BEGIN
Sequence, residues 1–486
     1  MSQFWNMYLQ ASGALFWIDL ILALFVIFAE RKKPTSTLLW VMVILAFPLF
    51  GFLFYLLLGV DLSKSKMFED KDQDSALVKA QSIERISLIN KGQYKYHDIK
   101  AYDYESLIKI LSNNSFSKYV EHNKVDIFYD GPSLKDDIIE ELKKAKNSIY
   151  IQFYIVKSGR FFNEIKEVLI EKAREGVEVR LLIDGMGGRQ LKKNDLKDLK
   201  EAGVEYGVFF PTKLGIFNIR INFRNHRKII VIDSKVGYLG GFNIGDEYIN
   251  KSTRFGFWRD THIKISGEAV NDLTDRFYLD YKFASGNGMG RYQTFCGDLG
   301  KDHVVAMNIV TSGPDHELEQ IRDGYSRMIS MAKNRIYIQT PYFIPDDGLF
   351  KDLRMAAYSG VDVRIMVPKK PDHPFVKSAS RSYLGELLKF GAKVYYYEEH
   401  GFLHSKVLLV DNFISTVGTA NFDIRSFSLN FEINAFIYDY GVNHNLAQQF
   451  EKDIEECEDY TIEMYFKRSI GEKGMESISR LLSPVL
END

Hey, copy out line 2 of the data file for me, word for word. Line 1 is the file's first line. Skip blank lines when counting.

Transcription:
     1  MSQFWNMYLQ ASGALFWIDL ILALFVIFAE RKKPTSTLLW VMVILAFPLF